BIRDS
Status: Native Summer Resident

BURROWING OWL 
(Athene cunicularia)

Description 

The burrowing owl's generic name, Athene, refers to the Greek goddess of wisdom, to whom owls were sacred. The species name comes from the Latin word for miner, referring to the birds' habit of nesting underground. This small brown and white owl is 9 to 11 inches (23 - 28 cm) tall, with unusually long legs for an owl. The markings of this species include barred and spotted underparts, a white chin stripe, a stubby tail, and a round head with yellow eyes. When scared, the owls emit a rapid chattering sound. At night their call is a mournful, high cry, co-hoo. 

 
 
 
Distribution 

Burrowing owls are common summer residents throughout the western South Dakota prairies, are uncommon in the east, and are rarely found in the Black Hills. The species is usually associated with black-tailed prairie dogs, whose abandoned burrows they use for roosting and nesting.

Natural History

This migratory species begins arriving in South Dakota as early as mid-March, with the peak of migration in April. They leave the state, after nesting, beginning in late September. By late October, most burrowing owls have moved to the southern United States. Most burrowing owls that have been banded in South Dakota have been recovered during the winter in Oklahoma and Texas. There are a few winter records for South Dakota. They have been recorded on the Rapid City and Aberdeen Christmas Bird Counts. One winter in the late 1800's, 20 burrowing owls were found sharing a burrow in Clay County.

Burrowing owls are small birds of prey that prefer open country. They are active during daylight hours, but usually hunt in early evening and throughout the night. They have a varied diet, but they eat mostly insects (grasshoppers, moths, crickets, beetles and caterpillars) and small mammals (mice, rats, ground squirrels, young prairie dogs, shrews and occasionally bats). Burrowing owls are also reported to feed on small birds, amphibians and reptiles. As do other owls, burrowing owls spit-up undigested fur and bones of their prey in the form of pellets.

Although they usually nest in abandoned prairie dog burrows, they also will use burrows abandoned by foxes, ground squirrels, and gophers. If not disturbed, they will return to the same burrow year after year. The birds line their burrow entrance and nest with plants and dried horse or cattle manure. They begin nesting in May in South Dakota. Eggs can be found in the burrows at the end of 4 to 9 foot (1.2 to 2.8 m) tunnels between May 1 and June 13. The female lays between 3 and 10 eggs in her nest. Nests with young have been found in South Dakota as late as the end of July. Both the males and females sit on the eggs during the incubation period that lasts 28 days.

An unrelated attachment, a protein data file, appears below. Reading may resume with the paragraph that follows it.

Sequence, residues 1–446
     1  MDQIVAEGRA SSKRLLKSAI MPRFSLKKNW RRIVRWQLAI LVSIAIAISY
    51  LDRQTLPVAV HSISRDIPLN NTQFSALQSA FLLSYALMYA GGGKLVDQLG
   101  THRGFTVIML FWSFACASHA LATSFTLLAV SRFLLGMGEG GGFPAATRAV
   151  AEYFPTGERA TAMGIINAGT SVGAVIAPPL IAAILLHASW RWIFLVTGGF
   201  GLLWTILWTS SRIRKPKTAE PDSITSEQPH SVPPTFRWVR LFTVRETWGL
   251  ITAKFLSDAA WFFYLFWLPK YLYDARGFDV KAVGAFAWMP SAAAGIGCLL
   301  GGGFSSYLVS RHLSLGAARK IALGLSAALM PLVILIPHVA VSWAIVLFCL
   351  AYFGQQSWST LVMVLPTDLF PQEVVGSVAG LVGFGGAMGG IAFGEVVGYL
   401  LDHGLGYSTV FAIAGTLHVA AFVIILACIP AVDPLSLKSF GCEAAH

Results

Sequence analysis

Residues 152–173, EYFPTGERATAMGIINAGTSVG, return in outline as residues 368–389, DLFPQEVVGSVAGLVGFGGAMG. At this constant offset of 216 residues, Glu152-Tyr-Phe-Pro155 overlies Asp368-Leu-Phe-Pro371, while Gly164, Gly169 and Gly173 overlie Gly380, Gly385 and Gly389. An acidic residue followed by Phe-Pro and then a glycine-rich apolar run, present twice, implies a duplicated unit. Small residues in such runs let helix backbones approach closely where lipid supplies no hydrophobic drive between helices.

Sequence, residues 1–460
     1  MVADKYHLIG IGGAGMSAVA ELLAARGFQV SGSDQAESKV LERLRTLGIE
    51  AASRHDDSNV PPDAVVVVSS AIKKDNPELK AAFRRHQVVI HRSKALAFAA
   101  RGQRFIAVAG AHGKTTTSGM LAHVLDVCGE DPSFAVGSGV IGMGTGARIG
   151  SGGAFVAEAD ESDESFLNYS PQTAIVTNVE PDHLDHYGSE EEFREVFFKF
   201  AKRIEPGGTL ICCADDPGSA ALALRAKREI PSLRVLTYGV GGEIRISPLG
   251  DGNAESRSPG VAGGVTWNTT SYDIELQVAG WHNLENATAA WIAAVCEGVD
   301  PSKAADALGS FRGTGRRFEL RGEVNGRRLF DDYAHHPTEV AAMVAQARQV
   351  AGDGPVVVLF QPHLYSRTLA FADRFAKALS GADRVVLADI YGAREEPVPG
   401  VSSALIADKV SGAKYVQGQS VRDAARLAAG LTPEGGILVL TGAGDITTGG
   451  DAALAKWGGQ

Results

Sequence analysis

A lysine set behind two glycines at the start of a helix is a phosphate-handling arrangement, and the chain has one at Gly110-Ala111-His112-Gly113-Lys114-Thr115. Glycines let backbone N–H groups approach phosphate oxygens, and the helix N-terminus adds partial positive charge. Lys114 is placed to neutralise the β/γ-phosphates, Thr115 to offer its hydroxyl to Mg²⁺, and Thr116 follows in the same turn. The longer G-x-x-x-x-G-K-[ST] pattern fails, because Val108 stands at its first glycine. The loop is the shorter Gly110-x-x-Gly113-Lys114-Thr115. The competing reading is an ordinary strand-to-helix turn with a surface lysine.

Predators of burrowing owls include cats and snakes, both of which will eat the eggs and young. Occasionally these predators might be deterred by the alarm call of the young burrowing owls. It perfectly mimics the rattling of a prairie rattlesnake.

Conservation Measures

Burrowing owls are protected by federal law, as are all birds of prey. It is illegal to harm the birds or disturb their nests. Many of these owls are accidentally killed while hunting low over the highway at night, when they collide with cars. They also succumb to poisons that are put out in attempts to control rodent populations.

Glossary

Banded - referring to the scientific practice of placing a numbered, metal ring on a bird's leg to learn about the species' life span and migratory behavior.

References

Johnsgard, Paul A. ,1979, Birds of the Great Plains Breeding Species and Their Distribution, University of Nebraska Press: Lincoln and London.
SDOU, 1991, The Birds of South Dakota, NSU Press: Aberdeen, SD 57401.
Terres, John K., 1980, The Audubon Society Encyclopedia of North American Birds, Alfred A. Knopf: New York.

Written by:
Dr. Erika Tallman, Professor of Science Education, Northern State University, Aberdeen, SD 57401. 1997.
 

Illustrated by:
Kathy Colavitti, independent artist, Green Bay, WI.
 

Reviewed by:
Dr. David Swanson, Biology Department, University of South Dakota, Vermillion, SD.

Publication of the Burrowing Owl fact sheet was funded by the South Dakota Department of Game, Fish and Parks, Division of Wildlife, Pierre, SD.